more on his work than on anything else. He is shown as manipulative, doing
whatever it takes to complete his book, at one point saying “Sometimes
when I think of how good my book is going to be, I can’t breathe” (Peters). That is where the main
difference between the two films lies.

            Aside from the
performances, another way the two films differed was in their visual appearnce.
Each film did a very good job at having an appearance that matched its tone. Capote, being more serious, had less
saturated colors and more advanced camera techniques and angles designed to
portray a lot of drama. Techniques such as rack focus were used many times to
get the audience to focus on one particular thing, whether it be a character, a
symbolic element, or something else. Infamous used more saturated colors to
make it seem busier, to mimic Capote’s persona in the movie. It also used some
wide shots to show how social Capote was, as a wide shot can encompass many
people. Even though Capote was a
better film, both films’ cinematography matched the overall tone of the film.

            Capote
always seems to be the go-to Capote biopic, being nominated for five Oscars
and having Philip Seymour Hoffman being named best actor for his performance. Infamous, on the other hand, was just
never as well received, with the movie itself receiving no nominations and the
actors only being nominated for awards overseas.

            It is not obvious at first, but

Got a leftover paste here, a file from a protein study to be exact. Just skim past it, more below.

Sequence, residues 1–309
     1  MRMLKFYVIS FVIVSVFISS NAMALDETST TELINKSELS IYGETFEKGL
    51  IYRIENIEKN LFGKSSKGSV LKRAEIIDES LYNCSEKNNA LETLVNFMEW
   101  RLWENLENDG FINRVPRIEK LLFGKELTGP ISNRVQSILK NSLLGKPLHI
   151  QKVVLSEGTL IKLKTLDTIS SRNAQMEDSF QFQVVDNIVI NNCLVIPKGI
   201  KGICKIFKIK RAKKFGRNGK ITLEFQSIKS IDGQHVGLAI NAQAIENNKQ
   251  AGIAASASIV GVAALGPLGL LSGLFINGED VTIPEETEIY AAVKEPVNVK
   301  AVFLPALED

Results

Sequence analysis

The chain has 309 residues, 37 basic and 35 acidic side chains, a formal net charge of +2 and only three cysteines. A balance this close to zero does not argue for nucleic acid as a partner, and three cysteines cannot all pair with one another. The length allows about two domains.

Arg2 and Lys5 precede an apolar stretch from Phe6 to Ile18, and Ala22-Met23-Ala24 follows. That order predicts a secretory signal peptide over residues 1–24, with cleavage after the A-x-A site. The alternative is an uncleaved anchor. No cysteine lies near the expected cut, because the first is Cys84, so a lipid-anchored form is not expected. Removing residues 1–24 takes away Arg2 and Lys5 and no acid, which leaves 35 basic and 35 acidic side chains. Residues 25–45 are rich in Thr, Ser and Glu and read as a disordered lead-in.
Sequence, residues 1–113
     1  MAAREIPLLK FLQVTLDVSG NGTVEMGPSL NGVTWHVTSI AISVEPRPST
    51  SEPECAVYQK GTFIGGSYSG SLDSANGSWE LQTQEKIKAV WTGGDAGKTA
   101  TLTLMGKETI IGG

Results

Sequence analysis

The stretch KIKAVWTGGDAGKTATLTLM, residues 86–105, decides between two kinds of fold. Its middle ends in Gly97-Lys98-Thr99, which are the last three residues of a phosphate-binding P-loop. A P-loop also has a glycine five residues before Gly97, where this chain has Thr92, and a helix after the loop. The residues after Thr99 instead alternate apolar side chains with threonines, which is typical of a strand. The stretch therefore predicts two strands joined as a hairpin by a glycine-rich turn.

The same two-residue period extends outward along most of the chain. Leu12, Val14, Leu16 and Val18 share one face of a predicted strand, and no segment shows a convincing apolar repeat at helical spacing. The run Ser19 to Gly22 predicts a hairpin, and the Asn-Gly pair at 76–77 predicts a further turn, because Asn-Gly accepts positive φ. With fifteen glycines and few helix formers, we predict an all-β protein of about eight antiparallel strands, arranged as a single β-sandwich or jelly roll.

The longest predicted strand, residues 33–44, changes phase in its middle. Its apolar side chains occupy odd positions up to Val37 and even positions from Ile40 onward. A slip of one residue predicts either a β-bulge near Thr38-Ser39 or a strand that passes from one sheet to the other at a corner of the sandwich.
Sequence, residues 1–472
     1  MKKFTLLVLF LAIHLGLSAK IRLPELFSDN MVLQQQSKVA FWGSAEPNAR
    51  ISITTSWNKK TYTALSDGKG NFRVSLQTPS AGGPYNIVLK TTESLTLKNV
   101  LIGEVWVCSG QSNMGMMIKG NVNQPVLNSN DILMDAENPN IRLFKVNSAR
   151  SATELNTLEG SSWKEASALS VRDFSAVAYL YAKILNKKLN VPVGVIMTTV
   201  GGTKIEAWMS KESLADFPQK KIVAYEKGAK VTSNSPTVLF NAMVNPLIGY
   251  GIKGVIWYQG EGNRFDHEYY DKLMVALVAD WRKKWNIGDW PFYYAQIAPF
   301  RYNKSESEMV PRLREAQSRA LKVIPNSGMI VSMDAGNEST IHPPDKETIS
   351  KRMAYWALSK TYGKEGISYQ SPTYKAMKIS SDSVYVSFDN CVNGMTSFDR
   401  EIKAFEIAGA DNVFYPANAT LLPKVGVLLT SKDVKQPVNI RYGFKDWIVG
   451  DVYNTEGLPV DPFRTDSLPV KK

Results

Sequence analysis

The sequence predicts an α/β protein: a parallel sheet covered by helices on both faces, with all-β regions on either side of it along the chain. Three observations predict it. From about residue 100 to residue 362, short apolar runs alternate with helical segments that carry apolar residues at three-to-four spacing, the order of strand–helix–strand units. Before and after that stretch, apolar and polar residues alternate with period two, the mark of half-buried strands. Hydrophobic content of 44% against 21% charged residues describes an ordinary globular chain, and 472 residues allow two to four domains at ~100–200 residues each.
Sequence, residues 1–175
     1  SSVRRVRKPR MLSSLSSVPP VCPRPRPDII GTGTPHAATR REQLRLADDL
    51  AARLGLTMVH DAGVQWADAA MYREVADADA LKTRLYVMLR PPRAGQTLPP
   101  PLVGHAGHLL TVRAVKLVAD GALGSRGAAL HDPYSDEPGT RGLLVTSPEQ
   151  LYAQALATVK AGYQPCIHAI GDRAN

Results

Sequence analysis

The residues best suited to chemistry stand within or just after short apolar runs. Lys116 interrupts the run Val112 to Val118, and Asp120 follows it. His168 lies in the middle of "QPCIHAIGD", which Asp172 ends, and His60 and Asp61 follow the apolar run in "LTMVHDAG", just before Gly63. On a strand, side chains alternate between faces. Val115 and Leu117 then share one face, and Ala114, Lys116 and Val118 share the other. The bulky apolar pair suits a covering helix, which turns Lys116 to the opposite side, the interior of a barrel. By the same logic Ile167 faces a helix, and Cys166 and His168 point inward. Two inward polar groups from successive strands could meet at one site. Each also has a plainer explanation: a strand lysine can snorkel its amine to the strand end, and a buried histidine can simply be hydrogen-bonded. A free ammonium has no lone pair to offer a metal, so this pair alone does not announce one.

there is a reason that Infamous
doesn’t center around the writing of In
Cold Blood. It is to appeal to a wider audience. Not everyone is interested
in hardcore documentaries, so appealing to a wider audience would mean that,
logically, the film should make more money. Unfortunately, that was not the
case. One could say that it was to differ the two films so Infamous wouldn’t
look like it was copying Capote, but that is simply not the case, because Capote and Infamous were both ready at about the same time, but Capote came out slightly before Infamous. McGrath didn’t want to
oversaturate people with Capote films, so he intentionally held off on
releasing Infamous, so as to “give
audiences a breather” (Peters). This was actually a smart idea because now,
McGrath could analyze where Capote
did well and where it did not, and only release it in the places where it did
well to waste as little money as possible. It was to no avail, however, because
Capote still did much better than Infamous, with Capote bringing in 42.2 million dollars in profit, and Infamous actually losing around 10.4 million dollars (Wikipedia).

            In summary, “Capote
is more serious and reserved, much like the performance of Philip Seymour
Hoffman” (Miller). When you compare the two films back-to-back, Iit almost
makes Toby Jones’s performance seem irritating. It
really is amazing how two movies can be based off the same book, yet both
movies come out so differently. One director’s vision differed from the
other’s, which in turn produced two different movies about the same topic: the
writing of In Cold Blood by Truman
Capote. One director wanted something more dramatic, the other wanted something
more entertaining. It all came down to perspective.